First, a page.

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PPP's tax impact

Updated January 14, 2021

It’s been a doozy of a year for small businesses and keeping up with changes to the Paycheck Protection Program has become another full-time job for some of us. Congress’ aid for small businesses during the pandemic has had a wide variety of consequences (some intended, some not), and we can’t stress enough how important it is to consult with your strategic advisor if you’ve received one of these loans. Up next: understanding PPP’s tax impact and choosing the right forgiveness application.

PPP’s Tax Impact

Unlike other forms of cancelled debt, forgiven PPP funds won’t be counted as income on your tax return. Under the original program, the expenses that those forgiven funds covered could not be counted toward your business tax deductions. The COVID Relief Bill changed this rule to allow those business deductions. As a result, PPP’s tax impact should be far less than we anticipated in year-end 2020 tax planning sessions.

Another new PPP forgiveness application

Is the third time the charm? Another PPP forgiveness application is now available for the 3.5 million borrowers whose loans were less than $50,000. In an effort to continue to make the PPP loan forgiveness process easier, the Small Business Administration, along with the Treasury Department, released yet another application earlier this month.

The new application, SBA Form 3508S, was created to streamline the forgiveness process for borrowers. The form has been shortened to just two pages (including an optional page for demographic information). It eliminates the need to complete a full-time equivalence (FTE) or salary reduction calculation, as this information isn’t required from borrowers who received these smaller loans. According to the CARES Act, these borrowers are exempt from the provisions that impose a reduction penalty if the borrower reduced FTE employees or the salary or wages of employees during the covered period.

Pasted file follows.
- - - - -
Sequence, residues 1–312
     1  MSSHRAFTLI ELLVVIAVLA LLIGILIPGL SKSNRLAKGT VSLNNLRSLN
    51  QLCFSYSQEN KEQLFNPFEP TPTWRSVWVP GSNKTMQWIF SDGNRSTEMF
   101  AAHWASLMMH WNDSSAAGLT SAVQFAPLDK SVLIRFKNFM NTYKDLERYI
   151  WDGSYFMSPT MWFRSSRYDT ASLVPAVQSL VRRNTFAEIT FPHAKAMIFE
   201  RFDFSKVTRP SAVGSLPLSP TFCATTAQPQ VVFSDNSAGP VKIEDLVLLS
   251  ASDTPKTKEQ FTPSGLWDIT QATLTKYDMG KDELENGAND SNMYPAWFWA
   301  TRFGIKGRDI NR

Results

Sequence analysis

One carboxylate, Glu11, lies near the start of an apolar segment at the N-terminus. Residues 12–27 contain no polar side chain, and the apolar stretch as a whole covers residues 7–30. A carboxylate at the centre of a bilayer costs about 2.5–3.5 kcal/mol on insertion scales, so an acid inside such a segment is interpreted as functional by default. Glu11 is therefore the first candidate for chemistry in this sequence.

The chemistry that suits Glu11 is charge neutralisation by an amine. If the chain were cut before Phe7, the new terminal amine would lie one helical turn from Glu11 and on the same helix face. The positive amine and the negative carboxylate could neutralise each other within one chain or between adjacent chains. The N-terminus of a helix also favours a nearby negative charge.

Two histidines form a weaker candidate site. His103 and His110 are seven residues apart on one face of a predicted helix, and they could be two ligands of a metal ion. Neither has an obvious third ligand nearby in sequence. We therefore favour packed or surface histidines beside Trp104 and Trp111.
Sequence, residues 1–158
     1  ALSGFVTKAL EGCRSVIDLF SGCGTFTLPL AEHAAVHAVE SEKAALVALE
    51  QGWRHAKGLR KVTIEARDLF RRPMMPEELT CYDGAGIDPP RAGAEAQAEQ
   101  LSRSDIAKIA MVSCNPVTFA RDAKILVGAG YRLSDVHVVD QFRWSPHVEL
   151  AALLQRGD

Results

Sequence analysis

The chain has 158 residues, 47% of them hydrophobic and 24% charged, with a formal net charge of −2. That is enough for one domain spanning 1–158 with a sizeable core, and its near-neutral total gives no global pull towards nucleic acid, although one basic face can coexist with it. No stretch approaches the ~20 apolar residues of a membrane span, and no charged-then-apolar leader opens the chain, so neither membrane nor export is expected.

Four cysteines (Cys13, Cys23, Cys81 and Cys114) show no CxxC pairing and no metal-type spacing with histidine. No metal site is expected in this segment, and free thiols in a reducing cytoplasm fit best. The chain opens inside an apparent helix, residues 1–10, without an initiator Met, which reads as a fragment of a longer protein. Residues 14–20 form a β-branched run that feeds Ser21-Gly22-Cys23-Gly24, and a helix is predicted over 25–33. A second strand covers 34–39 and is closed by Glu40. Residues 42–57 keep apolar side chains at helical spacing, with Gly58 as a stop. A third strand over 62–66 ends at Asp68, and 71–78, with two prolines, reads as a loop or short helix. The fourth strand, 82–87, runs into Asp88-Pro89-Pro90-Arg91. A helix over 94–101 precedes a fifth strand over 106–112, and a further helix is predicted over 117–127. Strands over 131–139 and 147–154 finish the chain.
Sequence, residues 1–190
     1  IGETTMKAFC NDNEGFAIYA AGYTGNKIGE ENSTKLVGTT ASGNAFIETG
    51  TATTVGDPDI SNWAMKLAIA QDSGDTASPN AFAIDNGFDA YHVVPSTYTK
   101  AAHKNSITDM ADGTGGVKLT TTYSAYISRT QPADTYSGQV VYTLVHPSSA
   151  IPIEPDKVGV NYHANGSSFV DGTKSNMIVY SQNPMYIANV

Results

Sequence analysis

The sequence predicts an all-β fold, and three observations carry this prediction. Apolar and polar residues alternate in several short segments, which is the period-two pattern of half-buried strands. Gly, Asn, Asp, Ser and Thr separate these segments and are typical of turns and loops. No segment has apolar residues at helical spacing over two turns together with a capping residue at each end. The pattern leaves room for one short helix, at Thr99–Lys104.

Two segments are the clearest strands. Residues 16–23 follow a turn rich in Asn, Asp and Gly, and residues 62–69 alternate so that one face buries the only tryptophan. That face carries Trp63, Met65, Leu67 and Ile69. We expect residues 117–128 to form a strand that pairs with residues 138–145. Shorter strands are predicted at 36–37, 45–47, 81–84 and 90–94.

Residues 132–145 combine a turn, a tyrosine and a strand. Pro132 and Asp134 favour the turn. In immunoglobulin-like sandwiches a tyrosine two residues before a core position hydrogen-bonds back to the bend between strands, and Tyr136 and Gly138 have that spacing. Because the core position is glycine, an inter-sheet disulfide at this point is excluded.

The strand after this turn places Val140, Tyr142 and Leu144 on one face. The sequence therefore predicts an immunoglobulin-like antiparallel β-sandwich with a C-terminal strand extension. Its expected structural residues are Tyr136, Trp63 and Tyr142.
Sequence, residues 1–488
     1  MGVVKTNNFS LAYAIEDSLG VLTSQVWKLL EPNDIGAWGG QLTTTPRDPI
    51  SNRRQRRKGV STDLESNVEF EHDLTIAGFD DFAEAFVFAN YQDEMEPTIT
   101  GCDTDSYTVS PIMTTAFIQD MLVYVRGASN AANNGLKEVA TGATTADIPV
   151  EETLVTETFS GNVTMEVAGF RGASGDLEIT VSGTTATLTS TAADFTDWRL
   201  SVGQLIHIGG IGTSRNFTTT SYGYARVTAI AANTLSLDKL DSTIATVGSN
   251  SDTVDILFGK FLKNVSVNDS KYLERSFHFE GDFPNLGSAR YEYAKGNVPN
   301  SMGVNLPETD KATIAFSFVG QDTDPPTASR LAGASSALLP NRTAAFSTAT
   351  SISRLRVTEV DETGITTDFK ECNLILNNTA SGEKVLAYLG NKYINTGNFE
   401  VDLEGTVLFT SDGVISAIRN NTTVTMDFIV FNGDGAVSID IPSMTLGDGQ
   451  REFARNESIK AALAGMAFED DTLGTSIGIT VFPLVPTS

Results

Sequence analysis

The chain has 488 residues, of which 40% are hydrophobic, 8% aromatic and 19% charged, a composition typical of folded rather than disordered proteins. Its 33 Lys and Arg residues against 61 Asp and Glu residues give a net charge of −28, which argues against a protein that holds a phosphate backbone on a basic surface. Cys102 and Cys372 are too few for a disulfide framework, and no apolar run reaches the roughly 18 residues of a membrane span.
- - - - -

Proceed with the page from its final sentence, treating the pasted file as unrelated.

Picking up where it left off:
While this form requires fewer calculations and less documentation than the other two forms (SBA Forms 3508 and 3508EZ), applicants are still required to produce documentation that proves:

  • Funds were used for eligible expenses
  • Payroll costs were at least 60% of the forgiveness amount
  • They met the owner-employee’s limitations and caps.

That documentation may include:

  • Tax forms
  • Payment receipts, canceled checks, or account statements that document the amount of employer contributions to employee benefit plans
  • Copies of lender amortization schedules
  • Receipts verifying eligible payments from the covered period
  • Proof of rent or lease payments
  • Proof of business utility payments

The SBA began approving forgiveness applications as of October 2, 2020. See our earlier post for information about forgiveness applications for borrowers whose loans were greater than $50k.

Automatic PPP Forgiveness?

There’s been a lot of speculation in the media and among bankers that some sort of automatic forgiveness process will eventually be implemented for PPP loans of a certain size. With the number of loans that were disbursed in a short period of time, some people believe that Congress and/or the SBA will take steps to further expedite loan forgiveness. At this time, there is no automatic forgiveness available for any PPP loan recipient. We continue to recommend keeping detailed records as you spend your PPP funds. When you’re ready to apply for forgiveness, contact your bank for further guidance. We will also keep you apprised of legislative changes.

If you have any questions about the PPP forgiveness application process, the documentation you need to provide, or how your PPP loan may affect your taxes, please contact us to schedule a consultation. As the end of the year approaches, time is of the essence to ensure you can make proactive decisions for your business.

Looking for the latest PPP information? Click here to visit our Paycheck Protection Program resource center.

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